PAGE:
What Is Prediabetes?

When a person has higher than normal blood sugar levels, a doctor could diagnose them with prediabetes. Prediabetes means that blood sugar levels are higher than normal, but not high enough to be diagnosed as diabetes.1 Prediabetes is serious because it could increase a person’s chances of diabetes later.3-5 In most cases, someone might not have any symptoms of prediabetes, but their health is still at risk. Currently, it is estimated that approximately 1 in 3 (84 million) US adults 18 years and older have prediabetes.2

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Preparation, prevention: Screening for prediabetes before it gets worse

  • Risk factors associated with prediabetes includes: 1,5

    • Being overweight or obese (especially abdominal obesity)
    • Physical inactivity
    • High blood pressure
    • A mother, father, brother or sister who has diabetes
    • African American, Latino, Native American, Asian American or Pacific Islander race or ethnicity
    • A family history of heart disease
    • Previous diagnosis of gestational diabetes while you were pregnant
    • Low levels of HDL, the “good” cholesterol, high levels of triglycerides, and increased levels of small, dense LDL particles, the "bad cholesterol"
  • If your doctor suspects you may have prediabetes, a blood test can be ordered to check your blood sugar levels. If test results confirm you have prediabetes, your doctor may then order lab tests to check your cholesterol levels and kidney health.

    Normal Prediabetes Diabetes
    Fasting Plasma Glucose 65 – 99 mg/dL 100 – 125 mg/dL ≥126 mg/dL

    Hemoglobin A1c

    ≤5.6 % 5.7 – 6.4 % >6.4 %
    Oral Glucose Tolerance Test 65 – 99 mg/dL 140 – 199 mg/dL ≥200 mg/dL
  • You may be able to delay or prevent diabetes with lifestyle changes such as those recommended by Centers for Disease Control and Prevention-led National Diabetes Prevention Program: 1,4

    • A minimum of 150 minutes per week of physical activity like brisk walking.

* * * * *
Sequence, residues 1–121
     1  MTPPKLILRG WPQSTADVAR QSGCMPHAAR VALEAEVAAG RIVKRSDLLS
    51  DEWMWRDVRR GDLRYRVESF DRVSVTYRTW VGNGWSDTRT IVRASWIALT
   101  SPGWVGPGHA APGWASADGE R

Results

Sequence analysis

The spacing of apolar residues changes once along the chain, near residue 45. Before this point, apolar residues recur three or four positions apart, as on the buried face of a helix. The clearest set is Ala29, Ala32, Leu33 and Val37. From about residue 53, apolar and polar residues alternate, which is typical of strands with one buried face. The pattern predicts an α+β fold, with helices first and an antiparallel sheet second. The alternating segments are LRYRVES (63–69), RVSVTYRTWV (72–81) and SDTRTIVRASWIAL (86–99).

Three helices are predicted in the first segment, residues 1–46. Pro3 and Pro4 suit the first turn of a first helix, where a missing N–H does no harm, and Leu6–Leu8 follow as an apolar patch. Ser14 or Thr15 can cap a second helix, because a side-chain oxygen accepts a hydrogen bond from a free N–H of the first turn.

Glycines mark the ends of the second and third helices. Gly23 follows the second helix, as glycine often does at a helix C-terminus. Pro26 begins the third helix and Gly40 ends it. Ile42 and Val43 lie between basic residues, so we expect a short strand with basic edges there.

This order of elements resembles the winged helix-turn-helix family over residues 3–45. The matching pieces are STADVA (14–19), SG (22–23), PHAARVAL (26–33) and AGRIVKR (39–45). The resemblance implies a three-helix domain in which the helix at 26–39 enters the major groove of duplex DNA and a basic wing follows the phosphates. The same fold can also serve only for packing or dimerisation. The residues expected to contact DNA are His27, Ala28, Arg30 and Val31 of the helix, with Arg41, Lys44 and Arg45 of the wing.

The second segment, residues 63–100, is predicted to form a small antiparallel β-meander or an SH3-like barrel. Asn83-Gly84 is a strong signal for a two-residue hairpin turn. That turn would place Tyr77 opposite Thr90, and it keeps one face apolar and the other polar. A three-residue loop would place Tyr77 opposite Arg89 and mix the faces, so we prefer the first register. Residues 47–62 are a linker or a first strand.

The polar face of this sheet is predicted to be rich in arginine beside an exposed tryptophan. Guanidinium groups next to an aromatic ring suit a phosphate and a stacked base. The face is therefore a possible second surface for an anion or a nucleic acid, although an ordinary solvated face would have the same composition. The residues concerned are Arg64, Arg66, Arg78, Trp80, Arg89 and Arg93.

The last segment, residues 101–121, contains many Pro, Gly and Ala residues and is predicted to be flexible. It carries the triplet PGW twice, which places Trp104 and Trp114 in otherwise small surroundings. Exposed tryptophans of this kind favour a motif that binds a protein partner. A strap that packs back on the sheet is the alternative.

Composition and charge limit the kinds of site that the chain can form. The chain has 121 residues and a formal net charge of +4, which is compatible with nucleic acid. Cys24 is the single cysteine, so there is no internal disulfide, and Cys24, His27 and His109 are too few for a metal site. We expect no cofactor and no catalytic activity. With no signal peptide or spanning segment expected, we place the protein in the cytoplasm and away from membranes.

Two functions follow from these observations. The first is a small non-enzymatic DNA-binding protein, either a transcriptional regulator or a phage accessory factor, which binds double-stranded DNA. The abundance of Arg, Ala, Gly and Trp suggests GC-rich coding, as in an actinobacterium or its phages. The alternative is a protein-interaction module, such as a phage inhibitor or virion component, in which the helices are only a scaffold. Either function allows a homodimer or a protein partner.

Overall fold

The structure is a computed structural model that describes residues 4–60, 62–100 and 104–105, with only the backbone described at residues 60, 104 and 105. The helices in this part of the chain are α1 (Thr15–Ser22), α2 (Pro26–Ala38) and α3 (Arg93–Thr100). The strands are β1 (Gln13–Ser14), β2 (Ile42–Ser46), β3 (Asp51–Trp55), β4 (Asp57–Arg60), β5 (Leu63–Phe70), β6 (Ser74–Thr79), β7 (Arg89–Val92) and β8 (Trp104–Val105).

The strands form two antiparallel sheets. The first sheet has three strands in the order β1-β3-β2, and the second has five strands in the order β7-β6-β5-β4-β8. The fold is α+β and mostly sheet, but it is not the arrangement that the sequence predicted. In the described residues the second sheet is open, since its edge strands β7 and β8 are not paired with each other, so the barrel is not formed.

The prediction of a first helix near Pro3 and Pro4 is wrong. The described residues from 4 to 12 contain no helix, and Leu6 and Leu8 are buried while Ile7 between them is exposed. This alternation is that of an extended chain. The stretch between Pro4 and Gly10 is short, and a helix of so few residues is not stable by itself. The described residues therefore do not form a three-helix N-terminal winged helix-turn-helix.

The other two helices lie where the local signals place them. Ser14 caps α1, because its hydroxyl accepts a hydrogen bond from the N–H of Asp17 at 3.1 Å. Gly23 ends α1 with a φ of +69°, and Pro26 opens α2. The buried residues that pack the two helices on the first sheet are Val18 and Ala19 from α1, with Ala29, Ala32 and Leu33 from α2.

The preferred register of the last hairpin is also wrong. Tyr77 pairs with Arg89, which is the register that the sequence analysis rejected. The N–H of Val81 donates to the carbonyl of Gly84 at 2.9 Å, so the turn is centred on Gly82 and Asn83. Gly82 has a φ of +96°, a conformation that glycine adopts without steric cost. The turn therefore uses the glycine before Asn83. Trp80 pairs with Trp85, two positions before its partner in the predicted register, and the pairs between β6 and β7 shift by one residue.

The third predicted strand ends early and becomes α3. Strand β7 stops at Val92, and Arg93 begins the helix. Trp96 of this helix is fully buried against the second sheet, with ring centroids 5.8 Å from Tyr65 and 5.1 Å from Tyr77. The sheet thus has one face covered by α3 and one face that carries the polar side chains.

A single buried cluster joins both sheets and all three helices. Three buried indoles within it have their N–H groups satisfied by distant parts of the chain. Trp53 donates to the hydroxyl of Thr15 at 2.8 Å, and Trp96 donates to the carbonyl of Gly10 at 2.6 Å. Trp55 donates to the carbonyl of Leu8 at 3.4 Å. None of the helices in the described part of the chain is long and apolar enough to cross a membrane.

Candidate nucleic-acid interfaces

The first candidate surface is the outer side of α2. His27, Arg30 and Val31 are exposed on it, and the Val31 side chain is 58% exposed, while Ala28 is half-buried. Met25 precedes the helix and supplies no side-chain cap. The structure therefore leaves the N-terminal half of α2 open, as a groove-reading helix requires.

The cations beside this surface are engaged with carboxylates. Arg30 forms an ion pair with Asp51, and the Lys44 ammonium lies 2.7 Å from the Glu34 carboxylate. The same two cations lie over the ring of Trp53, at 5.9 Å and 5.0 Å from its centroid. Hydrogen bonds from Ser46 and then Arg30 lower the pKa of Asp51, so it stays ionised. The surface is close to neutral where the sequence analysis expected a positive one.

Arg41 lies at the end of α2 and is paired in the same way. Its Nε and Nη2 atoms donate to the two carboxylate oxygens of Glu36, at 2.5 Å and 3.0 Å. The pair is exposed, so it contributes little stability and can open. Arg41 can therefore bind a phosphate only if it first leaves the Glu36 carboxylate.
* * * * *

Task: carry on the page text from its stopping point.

• Weight loss, if needed. (The Diabetes Prevention Program recommends achieving and maintaining a minimum loss of 7% of body weight.)
    • If your doctor prescribes medication, take it as directed.
  • American Diabetes Association®
    Telephone: 800-DIABETES (800-342-2383)
    Home page: www.diabetes.org

Additional Risks

A person with higher than normal blood sugar are at higher risk for developing the following conditions:3,5

Changes to diet and becoming more physically active could help a person with prediabetes to get back to normal blood sugar levels.7 If no action is taken, prediabetes is likely to become diabetes within 10 years or less.3


  1. Standards of Medical Care in Diabetes Care – 2018. American Diabetes Association. Diabetes Care 2018;41:S1-S159.
  2. National Diabetes Statistics Report, 2017. National Center for Chronic Disease Prevention and Health Promotion, Center for Disease Control. Pages 1-20
  3. Prediabetes? What does it mean for your kidneys? National Kidney Foundation®. Downloaded 6August2018.
  4. Prediabetes: What is it and what can I do? American Diabetes Association®. www.diabetes.org/dorg/PDFs/what-is-prediabetes. PDF. Downloaded 3August2018.
  5. AACE Diabetes Resource Center. American Association of Clinical Endocrinology. Common Comorbidities and Complications of Prediabetes. Downloaded 20June2018.
  6. Centers for Disease Control and Prevention. Prediabes: Your Chance to Prevent Type 2 Diabetes. https://www.cdc.gov/diabetes/basics/prediabetes.html. Accessed October 8, 2018.
  7. https://www.diabetes.org/diabetes-risk

Note: This material is provided for general information purposes only. It is not intended as a substitute for medical advice and/or consultation with a physician or technical expert.